You may have stumbled across various large companies having exchanges with one another on social media platforms and wondered what they’re up to. The short answer is that they’re building their brand voice.
We like to think of many companies as just brick-and-mortar stores that offer products and services, but they are so much more than that. There’s a reason why we associate brands like Mercedes-Benz and Rolex with luxury, and it’s more than the products they sell. They’ve created a personality — and a distinct voice — for their brands.
If you want to continue to grow in your industry, I recommend that you try to do the same.
The Importance Of Building A Brand Voice
Many long-standing companies have a clearly defined sense of purpose and a personality, as they understand that their customers relate to their brand on an emotional level. To develop and showcase your brand’s purpose and personality, be consistent in your message delivery and use a strong, unique brand voice.
It is through a unique brand voice that you can build connections and trust with your target audience. Also, the chances are high that you’ll attract more followers to comment on and share your content.
Follow these tips to find your brand voice.
Understand Your Core Identity
Before moving forward, it’s important to understand your brand’s core identity. Make sure you have a clear definition of who you are and the reason why your company exists.
Understand these three core identity factors: your mission (what you do), your vision (why you exist) and your values (how you achieve your goals). Once you’re confident that you understand these three factors, you can proceed with finding your brand voice.
Identify Your Target Audience
Different brands/companies are expected to communicate differently. A service provider, for instance, would likely want to address its audience differently than processing and manufacturing brands would.
Identifying your target audience is the first step toward finding your brand voice. Ask yourself who you’re speaking to, and then figure out the best way to communicate with them.
Through Google Analytics, email lists or simply just by asking, you can find out who your audience is, where they like to be online and how they communicate. Use this information to your advantage.
Above all, be authentic in how you address your audience. This makes it easier for your potential clients to connect with you.
Interrogate Your Team
Knowing how the world perceives your brand starts with your own staff. Don’t be afraid to ask them how they see the brand.
Include all levels of your company’s employees, including the junior level, the senior level and the founders. Compare the results you get and take note of the reappearing responses. The information you collect will not only help you identify common perceptions about your brand but also inconsistencies.
From there, you can begin to solidify the impression that you have on your customers. Any ad you create, social media post you publish or customer question you answer online, in person or even on the phone, creates an impression. Make sure that your brand voice is heard in every interaction, and your customers will know what to expect from you.
Review Your Content
At first, you may be tempted to concentrate more on what you want your brand to be instead of paying attention to what your brand is now. Examine the content you’ve created so far, and figure out how you currently communicate.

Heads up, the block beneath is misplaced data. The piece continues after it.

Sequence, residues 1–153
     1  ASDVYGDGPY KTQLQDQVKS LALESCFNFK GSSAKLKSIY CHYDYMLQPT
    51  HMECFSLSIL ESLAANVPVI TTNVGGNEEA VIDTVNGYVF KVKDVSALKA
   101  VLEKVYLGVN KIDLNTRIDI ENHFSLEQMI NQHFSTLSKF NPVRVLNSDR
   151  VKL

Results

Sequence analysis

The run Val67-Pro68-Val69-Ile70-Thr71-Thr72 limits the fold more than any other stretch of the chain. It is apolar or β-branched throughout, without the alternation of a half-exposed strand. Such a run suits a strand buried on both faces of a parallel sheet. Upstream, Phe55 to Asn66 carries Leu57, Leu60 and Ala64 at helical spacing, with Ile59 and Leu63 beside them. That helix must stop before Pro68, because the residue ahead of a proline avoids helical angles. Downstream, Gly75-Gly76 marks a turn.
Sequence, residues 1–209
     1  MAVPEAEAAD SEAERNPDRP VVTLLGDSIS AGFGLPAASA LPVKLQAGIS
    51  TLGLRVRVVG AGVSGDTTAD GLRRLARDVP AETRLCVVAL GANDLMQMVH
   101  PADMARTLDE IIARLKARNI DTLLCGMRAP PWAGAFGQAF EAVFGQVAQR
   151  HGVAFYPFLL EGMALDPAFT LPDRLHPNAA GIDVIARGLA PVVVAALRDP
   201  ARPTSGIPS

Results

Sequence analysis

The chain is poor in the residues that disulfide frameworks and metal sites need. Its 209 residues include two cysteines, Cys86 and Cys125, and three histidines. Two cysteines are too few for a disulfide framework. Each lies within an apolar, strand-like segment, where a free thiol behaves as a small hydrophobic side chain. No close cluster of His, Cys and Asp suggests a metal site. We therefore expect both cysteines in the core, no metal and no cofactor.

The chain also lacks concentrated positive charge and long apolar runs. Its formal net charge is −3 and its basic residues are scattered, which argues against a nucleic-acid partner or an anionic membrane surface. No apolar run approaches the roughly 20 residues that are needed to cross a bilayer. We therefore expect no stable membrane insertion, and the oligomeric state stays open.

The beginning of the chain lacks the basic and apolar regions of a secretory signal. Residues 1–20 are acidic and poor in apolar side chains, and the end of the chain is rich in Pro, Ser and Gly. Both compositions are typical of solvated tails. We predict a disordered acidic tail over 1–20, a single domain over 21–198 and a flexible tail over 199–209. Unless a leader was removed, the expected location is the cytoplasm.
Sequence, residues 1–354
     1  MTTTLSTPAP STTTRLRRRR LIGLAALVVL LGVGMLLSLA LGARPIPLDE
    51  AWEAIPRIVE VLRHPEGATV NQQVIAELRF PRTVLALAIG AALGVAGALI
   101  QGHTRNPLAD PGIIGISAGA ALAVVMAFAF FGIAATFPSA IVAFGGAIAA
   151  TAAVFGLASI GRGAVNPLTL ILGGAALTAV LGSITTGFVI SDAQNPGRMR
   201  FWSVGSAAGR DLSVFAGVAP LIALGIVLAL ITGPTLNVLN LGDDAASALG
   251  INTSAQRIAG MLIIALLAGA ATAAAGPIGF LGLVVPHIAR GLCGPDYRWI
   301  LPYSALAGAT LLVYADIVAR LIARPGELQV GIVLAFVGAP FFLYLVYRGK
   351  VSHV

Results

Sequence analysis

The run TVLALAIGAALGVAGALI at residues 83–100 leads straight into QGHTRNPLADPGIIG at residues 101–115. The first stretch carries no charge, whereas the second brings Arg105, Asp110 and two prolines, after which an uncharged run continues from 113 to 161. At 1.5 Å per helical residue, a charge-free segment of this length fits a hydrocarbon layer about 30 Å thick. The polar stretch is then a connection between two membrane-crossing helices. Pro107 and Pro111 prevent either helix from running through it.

Dig into your recent social media posts, blog posts and newsletters. What common trends do you notice in the content?
Take note of the unique words and descriptions that you use. If, for example, you notice that your tweets and blog headlines are edgy, then there’s a good chance that your audience sees you as such. Use this insight to your advantage and build your brand voice around it.
Think of your brand as a fictional character you’ve created. Once you know how people expect him or her to think and act, you can apply that knowledge to any situation.
Once you’ve established your brand voice, consistency in how you communicate is key to creating recognition among your customers. There are two main areas to consider to help you be consistent:
• Sentence Length: You can use sentence length to communicate in a certain tone of voice. If you want a voice that sounds pithy and fun, consistently use shorter sentences. If you want to sound eloquent and commanding, use long sentences. Long sentences with different structures can be melodic. Short sentences, on the other hand, are straight to the point.
• Vocabulary: Make an outline of the vocabulary you’d like to use in your content. This includes the possibility of swearing and slang. It might seem odd to include this, but some companies have found it to be successful, even in their own company name. Slang can help you relate to a younger generation, while swearing can make you sound edgy. Slang can also turn off people who don’t understand it, and swearing can alienate you from people who find it offensive. Not using either can give off a sense of professionalism, but you risk not relating to people who use both daily. This goes back to understanding your audience, how they like to communicate and what message you would like to send them.
To ensure consistency for your brand, also document your brand voice guiding principles. This can help you:
• Guide new team members on what’s expected from them regarding the content they post on behalf of your brand
• Identify brand weaknesses and existing gaps
• Provide an outline of requirements to ensure effective project management
Finding your brand voice is important because it’s a representation of how your customers are likely to think about your brand. It also can help you customize your content and encourage your potential clients to relate to it. In my experience, this leads to the creation of consumer loyalty, which is something that every company is looking to earn.